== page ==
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Officials Unveil Plan To Create Affordable Housing For San Jose State Students

SAN JOSE (CBS SF) -- San Jose State University and the State of California have reached a landmark agreement that will turn an old state building near campus into affordable housing for students, staff and faculty.

The agreement is part of a larger plan to address the campus's homeless crisis and was spurred by student activists.

"All you need is just a group of passionate students who are willing to do what they can, to speak out and be loud for a good cause," said Briena Brown, Vice President of the Student Homeless Alliance.

Students started organizing around the homeless issue in a sociology class taught by Dr. Scott Myers-Lipton. The movement later went campus-wide after reports that 13 percent of San Jose State Students had recently experienced homelessness and would often take drastic measures to find shelter.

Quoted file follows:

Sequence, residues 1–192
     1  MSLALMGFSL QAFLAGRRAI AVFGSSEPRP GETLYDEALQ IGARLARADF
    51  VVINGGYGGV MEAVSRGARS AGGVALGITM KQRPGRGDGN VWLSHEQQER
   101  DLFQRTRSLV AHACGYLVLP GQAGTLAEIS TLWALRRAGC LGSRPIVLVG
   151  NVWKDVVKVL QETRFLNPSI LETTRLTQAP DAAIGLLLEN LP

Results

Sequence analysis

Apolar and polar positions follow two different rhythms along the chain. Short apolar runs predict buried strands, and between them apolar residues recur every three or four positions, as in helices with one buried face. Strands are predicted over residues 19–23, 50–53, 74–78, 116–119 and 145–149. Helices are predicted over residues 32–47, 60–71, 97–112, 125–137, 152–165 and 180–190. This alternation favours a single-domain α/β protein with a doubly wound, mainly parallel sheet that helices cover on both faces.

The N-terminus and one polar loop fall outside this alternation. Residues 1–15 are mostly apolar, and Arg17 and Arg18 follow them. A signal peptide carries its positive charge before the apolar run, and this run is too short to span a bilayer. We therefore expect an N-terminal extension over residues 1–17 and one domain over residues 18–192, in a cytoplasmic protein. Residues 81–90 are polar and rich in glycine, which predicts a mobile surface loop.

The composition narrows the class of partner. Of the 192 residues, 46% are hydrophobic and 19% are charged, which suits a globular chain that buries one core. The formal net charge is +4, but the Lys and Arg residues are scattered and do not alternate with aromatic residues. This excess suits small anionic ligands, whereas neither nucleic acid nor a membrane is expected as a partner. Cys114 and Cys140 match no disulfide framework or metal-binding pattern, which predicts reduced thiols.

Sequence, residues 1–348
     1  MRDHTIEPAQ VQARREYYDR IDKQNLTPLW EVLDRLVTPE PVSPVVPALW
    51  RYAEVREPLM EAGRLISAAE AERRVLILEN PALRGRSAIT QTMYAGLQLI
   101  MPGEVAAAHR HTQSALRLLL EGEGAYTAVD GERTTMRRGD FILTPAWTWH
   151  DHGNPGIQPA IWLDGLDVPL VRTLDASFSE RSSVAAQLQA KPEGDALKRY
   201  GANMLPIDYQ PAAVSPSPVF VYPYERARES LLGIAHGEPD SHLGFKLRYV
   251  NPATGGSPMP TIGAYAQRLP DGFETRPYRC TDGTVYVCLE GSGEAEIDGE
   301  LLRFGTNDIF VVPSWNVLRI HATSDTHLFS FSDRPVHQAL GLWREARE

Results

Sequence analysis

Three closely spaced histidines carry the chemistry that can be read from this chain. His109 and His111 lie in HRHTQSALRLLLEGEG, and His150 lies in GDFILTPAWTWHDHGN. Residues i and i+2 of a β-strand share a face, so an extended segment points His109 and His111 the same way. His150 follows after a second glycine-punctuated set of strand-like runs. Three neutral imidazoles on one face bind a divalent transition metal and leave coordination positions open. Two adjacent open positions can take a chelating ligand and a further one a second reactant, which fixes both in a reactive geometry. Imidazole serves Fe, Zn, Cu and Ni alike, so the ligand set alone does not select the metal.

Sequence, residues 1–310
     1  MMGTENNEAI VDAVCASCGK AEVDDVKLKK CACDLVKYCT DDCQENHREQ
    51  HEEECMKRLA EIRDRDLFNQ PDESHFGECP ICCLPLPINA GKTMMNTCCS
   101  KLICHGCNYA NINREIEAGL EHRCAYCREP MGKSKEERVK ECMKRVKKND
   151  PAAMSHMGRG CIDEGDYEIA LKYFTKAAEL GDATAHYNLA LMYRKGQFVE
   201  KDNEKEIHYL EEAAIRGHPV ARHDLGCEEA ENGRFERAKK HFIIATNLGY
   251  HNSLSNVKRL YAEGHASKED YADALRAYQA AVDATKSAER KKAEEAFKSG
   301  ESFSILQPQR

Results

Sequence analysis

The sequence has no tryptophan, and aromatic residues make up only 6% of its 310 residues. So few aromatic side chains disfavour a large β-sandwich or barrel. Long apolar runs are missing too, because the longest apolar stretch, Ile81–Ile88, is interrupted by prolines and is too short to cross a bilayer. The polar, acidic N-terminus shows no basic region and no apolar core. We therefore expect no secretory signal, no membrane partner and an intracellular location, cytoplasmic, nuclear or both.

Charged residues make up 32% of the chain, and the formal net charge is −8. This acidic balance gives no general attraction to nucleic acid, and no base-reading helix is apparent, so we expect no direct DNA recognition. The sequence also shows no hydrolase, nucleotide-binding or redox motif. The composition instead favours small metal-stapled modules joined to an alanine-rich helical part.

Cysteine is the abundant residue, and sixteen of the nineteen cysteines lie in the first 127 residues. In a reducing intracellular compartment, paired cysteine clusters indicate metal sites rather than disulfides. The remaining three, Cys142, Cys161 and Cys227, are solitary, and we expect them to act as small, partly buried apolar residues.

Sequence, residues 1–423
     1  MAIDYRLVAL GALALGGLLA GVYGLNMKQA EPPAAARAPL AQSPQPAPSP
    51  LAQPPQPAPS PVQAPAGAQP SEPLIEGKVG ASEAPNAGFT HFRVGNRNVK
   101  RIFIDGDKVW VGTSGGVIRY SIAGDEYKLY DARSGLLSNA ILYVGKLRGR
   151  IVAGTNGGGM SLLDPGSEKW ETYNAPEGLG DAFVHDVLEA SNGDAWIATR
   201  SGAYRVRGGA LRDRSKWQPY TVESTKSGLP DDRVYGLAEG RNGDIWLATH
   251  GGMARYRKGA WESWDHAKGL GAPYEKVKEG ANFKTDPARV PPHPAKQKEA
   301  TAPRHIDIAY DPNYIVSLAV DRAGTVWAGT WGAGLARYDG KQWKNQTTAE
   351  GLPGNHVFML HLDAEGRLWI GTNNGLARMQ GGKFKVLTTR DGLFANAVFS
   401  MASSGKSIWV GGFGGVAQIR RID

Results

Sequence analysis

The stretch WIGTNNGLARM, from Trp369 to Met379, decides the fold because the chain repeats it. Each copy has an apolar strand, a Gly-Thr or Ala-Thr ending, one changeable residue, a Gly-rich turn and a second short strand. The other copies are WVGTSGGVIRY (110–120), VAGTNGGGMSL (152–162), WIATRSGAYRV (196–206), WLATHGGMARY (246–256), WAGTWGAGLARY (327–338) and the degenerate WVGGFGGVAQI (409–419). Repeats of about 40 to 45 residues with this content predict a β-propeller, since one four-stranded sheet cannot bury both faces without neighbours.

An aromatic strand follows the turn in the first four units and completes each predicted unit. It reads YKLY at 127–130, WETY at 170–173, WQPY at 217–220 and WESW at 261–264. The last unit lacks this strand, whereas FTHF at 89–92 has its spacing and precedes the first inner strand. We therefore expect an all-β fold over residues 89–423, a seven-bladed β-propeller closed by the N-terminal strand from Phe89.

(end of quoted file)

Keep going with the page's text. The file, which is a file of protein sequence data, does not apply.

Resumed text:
"Students would sleep in their cars or in the Martin Luther King Library, and stay in shelters for a night or two," said Maggie Young, a formerly homeless student and single mother.

Students presented a list of demands, some of which are now being adopted.

"They have been clear, they have been dedicated persistent, but they have also been willing to move from just activism to actually working with us for solutions," said Dr. Mary Papazian, President of San Jose State University.

The students calls were also heard by state legislators who authored a bill to transform the under-utilized Alfred Alquist state office building near campus into an affordable housing complex for 800 to 1,200 graduate students, faculty and staff.

It's an idea that could be replicated in other cities like San Francisco and Los Angeles.

"I think you are going to see a lot more of these kinds of projects," said State Senator Jim Beall.

The university also received 3 million dollars in state grants which will be used to centralizea crisis counseling center called SJSU Cares and set aside 12 beds on campus for short term emergency shelter for students.

"This is a great place to start. It will have a real impact," Dr. Papazian said.

Some of the solutions are happening now, others will begin within weeks or months, officials said.

But transforming the state office building property willtake about 5 years because the old building will be demolished and a new housing structure will be built in its place.

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